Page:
Newry nestles in a valley of the Clanrye river, at the head of Carlingford Lough and between the Mourne and Cooley Mountains. It also lies on the border between counties Down,
Armagh and Louth. It is the market town for much of South Down and South Armagh. The Mourne and Cooley Mountains were formed as igneous batholiths and subsequent erosion revealed the granitic summits we see today.
During the last ice age (30,000-10,000 years ago) temperatures plummeted
and the northern ice-cap extended equatorially. Glaciers and ice streams covered most of Ireland and shaped a beautifully rolling landscape. Glacial drumlins and eskers extend over much of
Ireland and many can be seen around Newry. Glacial sand and gravel deposits also form the
substrate for beaches such as Cranfield and Kilkeel.
The first settlers, we believe of 10,000 years ago, were neolithic and mesolithic hunter-gatherers. However on the introduction of agricultural techniques from the Middle East much of Ireland's natural climax vegetation - oak woods - was felled to make way for fields.
Some small patches of this oak wood still exist to this day, for example, at Kilbroney Park, Rostrevor. This modification of the land led to the present day patchwork of cultivated green fields and hedgerows.
The geological structure of Down and Armagh consists mainly of shales and greywackes of Silurian age, formed in an ancient ocean more than 400 million years
ago. They are an extension of the Southern Uplands of Scotland. Into these silurian rocks the tertiary igneous batholiths were intruded 390 million years ago. These batholiths later solidified to form the granites of the Mourne and Cooley
Mountains. In the tertiary period (65 million years ago) the area was a centre of volcanic activity. Where the silurian rocks met the Newry granite a circular fracture developed and into this a series of acidic lavas was intruded. These solidified to form the ring-dykes. The ring of Gullion in South Armagh is a fine example of a ring-dyke intrusion and attracts geologists from all over the world.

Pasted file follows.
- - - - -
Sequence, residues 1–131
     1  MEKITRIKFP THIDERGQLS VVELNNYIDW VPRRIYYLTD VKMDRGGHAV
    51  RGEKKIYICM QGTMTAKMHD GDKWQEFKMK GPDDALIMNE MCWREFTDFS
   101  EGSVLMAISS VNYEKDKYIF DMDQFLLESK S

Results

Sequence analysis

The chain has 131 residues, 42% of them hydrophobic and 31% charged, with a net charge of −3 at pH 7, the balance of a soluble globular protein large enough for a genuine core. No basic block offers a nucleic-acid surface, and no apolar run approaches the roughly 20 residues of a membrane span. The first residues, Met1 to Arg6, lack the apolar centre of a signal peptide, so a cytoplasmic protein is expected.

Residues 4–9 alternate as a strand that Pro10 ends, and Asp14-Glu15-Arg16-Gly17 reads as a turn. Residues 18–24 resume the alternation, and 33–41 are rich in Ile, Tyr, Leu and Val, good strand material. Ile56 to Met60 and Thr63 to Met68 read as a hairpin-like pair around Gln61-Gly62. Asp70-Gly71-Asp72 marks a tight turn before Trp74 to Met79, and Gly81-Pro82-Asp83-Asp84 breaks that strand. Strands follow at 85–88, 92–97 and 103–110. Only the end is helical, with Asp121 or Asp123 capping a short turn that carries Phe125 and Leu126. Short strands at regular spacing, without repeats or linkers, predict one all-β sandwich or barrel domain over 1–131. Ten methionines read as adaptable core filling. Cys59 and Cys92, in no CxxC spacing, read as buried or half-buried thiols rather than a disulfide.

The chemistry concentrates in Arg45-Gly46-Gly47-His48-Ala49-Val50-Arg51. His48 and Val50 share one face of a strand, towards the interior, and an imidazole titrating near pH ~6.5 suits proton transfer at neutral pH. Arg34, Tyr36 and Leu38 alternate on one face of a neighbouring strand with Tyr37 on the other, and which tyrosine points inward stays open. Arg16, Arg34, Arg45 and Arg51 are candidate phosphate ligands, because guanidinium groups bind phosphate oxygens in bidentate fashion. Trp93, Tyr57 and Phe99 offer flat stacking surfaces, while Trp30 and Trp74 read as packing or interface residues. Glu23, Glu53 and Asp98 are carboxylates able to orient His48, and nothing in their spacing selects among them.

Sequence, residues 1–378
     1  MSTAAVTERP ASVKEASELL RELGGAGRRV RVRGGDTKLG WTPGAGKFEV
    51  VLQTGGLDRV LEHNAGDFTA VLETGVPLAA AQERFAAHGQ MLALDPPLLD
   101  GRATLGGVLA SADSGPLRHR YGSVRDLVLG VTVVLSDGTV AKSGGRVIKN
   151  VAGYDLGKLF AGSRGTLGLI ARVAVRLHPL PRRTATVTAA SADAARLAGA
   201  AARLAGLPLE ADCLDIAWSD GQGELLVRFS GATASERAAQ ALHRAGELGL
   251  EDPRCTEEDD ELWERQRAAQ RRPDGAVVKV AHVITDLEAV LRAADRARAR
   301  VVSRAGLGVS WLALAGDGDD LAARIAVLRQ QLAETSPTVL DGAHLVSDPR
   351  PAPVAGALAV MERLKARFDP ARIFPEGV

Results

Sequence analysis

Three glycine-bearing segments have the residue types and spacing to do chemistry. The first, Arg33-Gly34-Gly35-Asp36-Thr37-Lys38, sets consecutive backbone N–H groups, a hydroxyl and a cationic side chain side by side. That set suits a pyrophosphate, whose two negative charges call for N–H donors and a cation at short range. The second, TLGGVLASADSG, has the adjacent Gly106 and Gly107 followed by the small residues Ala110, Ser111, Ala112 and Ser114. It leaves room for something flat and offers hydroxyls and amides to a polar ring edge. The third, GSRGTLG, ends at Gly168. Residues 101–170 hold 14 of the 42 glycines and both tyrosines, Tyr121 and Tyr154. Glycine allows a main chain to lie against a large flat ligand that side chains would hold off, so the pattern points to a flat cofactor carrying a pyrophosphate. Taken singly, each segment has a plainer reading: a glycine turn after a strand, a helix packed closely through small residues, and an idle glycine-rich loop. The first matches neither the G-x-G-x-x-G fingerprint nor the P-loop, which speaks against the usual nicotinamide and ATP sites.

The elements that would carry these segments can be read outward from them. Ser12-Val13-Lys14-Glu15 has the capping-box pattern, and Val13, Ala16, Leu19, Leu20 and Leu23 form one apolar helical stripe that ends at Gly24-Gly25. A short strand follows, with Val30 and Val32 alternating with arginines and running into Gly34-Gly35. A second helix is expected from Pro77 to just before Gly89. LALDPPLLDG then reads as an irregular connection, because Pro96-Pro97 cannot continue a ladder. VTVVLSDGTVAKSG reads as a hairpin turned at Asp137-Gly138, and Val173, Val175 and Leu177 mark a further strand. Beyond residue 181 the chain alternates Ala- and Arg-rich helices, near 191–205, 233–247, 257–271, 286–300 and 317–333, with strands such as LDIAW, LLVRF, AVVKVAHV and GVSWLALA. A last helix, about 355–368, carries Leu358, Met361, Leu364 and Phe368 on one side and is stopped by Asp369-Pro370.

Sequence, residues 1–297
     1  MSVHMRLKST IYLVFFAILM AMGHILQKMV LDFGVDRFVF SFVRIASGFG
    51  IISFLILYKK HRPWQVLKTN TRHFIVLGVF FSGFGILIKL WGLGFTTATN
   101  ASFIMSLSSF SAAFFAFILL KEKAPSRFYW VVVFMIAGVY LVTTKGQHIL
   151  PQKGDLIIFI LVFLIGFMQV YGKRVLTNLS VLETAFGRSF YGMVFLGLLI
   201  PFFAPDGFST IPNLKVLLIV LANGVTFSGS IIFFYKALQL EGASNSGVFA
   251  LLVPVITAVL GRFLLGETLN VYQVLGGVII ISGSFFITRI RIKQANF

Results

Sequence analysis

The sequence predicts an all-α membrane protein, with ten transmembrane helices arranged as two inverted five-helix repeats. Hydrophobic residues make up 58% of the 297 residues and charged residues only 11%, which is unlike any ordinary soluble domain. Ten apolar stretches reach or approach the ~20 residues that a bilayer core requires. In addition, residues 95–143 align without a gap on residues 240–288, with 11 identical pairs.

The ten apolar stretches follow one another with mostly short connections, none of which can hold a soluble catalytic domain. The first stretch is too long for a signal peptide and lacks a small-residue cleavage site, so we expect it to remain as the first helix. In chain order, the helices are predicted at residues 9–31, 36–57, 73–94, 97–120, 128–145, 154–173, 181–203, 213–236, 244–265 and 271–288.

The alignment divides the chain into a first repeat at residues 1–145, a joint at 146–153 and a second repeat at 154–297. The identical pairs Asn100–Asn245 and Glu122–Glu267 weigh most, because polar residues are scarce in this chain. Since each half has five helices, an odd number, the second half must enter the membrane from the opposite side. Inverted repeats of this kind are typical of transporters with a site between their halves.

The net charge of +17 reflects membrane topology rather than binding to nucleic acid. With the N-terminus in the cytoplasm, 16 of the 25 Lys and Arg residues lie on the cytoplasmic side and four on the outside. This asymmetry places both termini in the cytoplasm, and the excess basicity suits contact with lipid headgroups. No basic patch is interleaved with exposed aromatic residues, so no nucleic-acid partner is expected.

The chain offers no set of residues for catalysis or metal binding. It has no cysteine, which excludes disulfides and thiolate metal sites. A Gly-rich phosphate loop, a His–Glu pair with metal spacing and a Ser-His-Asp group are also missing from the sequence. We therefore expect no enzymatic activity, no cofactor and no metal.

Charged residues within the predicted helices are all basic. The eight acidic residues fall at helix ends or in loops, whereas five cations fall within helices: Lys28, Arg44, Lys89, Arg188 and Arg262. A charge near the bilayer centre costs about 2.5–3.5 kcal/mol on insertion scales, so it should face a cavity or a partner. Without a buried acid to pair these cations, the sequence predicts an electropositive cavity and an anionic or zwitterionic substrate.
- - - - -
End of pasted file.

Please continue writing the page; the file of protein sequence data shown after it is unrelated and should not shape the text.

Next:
The drumlin fields around Newry are streamlined 'whaleback' hills, whose shape was controlled by ice flow at the base of the thick ice sheet. One major centre of ice was the Lough Neagh basin which pushed streams of ice into Carlingford Lough, Dundalk Bay and Dundrum Bay. It was at the base of these ice streams that the mysterious conditions existed for drumlin formation. At the edges of these drumlin fields are moraines, large banks of glacial material pushed forward by the ice at
it's margins. Moraines can be seen on the coast to the east of the Mournes (near Cranfield) and to the south of Carlingford Mountain. The tourist taking the Newry Bypass route is presented with a pleasing panorama of the "basket of eggs" topology typical of drumlin country.
The soils of the upland areas such as the Mournes are characterised by blanket peat. This peat formed in very wet conditions devoid of oxygen, which inhibited the decomposition of organic material. As a result this peat contains a large proportion of organic substance such as grasses and wood. This blanket peat is shallow and can support only small shrubs and grasses such as heather and bracken, and vegetation types common to other areas of sub-alpine conditions (such as
Mountain Avens). The purplish hues of these heather moorlands are both pleasing to the eye and essential habitats to wildlife and are of invaluable conservation value.
Small fragments of the once extensive lowland bogs remain in the Ring of Gullion. These bogs formed an important part of rural life in the past and were the centre of much turf-cutting, land
reclamation and poteen distilling. Soils in more lowland areas consist of brown earths and some podsols formed from the boulder clay deposited during the last ice-age, and subsequently altered by natural vegetation and human interaction. On the valley sides and hillslopes of South Armagh there are still semi-natural woodlands of Hazel and Ash with some Sycamore, Oak, Rowan and Willow. The most notable of these are at Killeavy Castle, Hawthorn Hill and Forkhill.
While Ireland may once have been rich in native wildlife the domination
of the landscape by man has gradually eradicated suitable habitats.
Nevertheless, widespread schemes now operate to expand on pockets of
native vegetation and wildlife habitats. Many species have been
reintroduced including otters, red squirrel, voles and deer.
The greatest modification of the land was the result of human interference leading to the present day patchwork of green fields.